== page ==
3. The Covid-19 crisis has created new jobs and opportunities with the use of technology.  Entrepreneurs were required to respond to the changing consumer behaviour and adjust their business models to deal with the crisis.

The trend of the labor market in the future will change.  Work will be more flexible, and employees can work from anywhere.  Manus Kosol, President of the Confederation of Thai Labor, says that “The state should reform the universal social security system so that everyone can have access to basic rights.  Additionally, the government should have policies to promote the agricultural sector, fund entrepreneurs to invest in processed food, support unemployed workers during Covid-19, and work on a policy to cover agriculture labor under the Labor Protection Act.

Supa Yaimuang, Director of the Sustainable Agriculture Foundation, adds that we should look after the well-being of agricultural workers, such as raise welfare benefits, provide fair and equal access to funding sources, develop the economic structure of the local communities by providing multi-channel marketing, and implement food security policies.

Covid-19 has not only affected the existing workforce but has influenced the weakened aging community of the future, says Professor Vipan Prachuabmoh, Dean of College of Population Studies and Project Lead at Chula Ari.  “Every sector needs to be prepared for the aging society, especially those aged 40 and older.  In order to cope with changes throughout their lives, they should take into consideration – house planning, saving money, self-development, and physical and mental health care.”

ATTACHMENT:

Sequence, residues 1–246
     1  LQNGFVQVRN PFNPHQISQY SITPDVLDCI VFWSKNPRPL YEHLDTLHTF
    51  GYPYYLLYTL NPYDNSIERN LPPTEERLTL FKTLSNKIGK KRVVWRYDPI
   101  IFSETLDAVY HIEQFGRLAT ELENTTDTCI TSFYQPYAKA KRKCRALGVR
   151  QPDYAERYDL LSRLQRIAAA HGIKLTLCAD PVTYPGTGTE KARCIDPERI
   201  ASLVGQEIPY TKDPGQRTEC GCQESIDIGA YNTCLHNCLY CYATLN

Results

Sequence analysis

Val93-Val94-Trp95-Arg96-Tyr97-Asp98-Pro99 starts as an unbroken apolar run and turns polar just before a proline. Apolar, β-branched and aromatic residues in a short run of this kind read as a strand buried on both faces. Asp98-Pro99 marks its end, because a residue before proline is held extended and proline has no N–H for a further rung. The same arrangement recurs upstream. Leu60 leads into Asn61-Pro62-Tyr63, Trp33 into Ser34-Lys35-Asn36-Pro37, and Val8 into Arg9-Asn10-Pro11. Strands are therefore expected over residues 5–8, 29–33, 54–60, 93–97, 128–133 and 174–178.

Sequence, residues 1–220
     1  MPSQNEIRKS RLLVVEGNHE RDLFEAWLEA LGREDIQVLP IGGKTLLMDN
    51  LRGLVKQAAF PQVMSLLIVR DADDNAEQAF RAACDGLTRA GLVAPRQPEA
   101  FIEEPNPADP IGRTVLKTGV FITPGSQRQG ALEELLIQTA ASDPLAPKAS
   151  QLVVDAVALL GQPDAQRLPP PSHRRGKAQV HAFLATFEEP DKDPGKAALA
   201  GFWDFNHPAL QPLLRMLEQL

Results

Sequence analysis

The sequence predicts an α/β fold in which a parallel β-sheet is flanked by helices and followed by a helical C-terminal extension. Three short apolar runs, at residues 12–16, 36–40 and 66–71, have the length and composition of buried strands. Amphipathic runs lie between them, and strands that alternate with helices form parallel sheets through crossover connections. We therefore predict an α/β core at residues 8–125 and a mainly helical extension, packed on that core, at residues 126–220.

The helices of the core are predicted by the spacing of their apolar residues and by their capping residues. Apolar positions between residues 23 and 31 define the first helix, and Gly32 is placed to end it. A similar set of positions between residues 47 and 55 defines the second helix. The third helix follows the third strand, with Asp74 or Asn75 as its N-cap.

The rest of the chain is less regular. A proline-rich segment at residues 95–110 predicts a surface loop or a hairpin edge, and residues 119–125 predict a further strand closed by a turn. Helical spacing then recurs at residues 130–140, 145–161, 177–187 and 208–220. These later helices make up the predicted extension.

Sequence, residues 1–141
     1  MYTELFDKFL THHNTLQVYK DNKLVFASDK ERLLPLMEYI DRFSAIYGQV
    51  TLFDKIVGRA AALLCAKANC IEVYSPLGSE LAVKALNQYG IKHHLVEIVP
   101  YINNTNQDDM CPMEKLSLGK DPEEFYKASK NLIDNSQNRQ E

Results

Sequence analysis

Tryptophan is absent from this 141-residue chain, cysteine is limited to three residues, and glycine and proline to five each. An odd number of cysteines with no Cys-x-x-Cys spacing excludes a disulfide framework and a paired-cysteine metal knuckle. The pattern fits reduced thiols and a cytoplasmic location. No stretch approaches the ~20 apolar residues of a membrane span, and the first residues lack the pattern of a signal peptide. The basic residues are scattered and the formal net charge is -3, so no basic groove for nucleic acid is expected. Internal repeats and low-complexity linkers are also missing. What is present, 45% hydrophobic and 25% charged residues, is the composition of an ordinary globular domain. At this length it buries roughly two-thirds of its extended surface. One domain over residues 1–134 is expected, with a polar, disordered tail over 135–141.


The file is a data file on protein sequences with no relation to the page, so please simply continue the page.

“The government should help increase the work skills and life skills of the aging population of 40-50 year-olds by promoting sufficient economy, foundational economy, and the distribution of wealth.  Additionally, by strengthening local communities, we can use the population data at the regional level to plan and reach out to the community in times of crisis.  By focusing on building a strong foundation, creating jobs near home, and reducing migration and inequality, we could be moving towards alleviating the economic and environmental problems.”

Lastly, Dr. Saowanee Chantapong states that this crisis is an important opportunity for us to reform and rebuild our ecological systems and develop labor markets of all groups and dimensions.  It is also a chance to improve local skills, income, and life quality for Thai workers, and come up with short-term measures to help overhaul the strained social welfare system.

According to Dr. Saowanee, four points should be immediately implemented:

  1. Database sharing of labor agencies and educational institutes to be used in the country’s economic development plan.
  2. The country’s economic development approach should focus on growth that leads to full employment, leading to higher income and a better quality of life.
  3. In times of crisis, migrant labor groups are especially fragile.  All sectors should accelerate social welfare development plans to cover all groups.
  4. The labor skill development process should be accelerated amidst rapid and large technological changes to support the country’s recovery.  It is important to reassess the education system and the demand and supply of the rapidly changing Thai labor market.

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The sense of kinship and warmth found in the Chula community is priceless and a treasure worth keeping.

Prof. Dr. Pornanong Aramwit Faculty of Pharmaceutical Sciences, Chulalongkorn University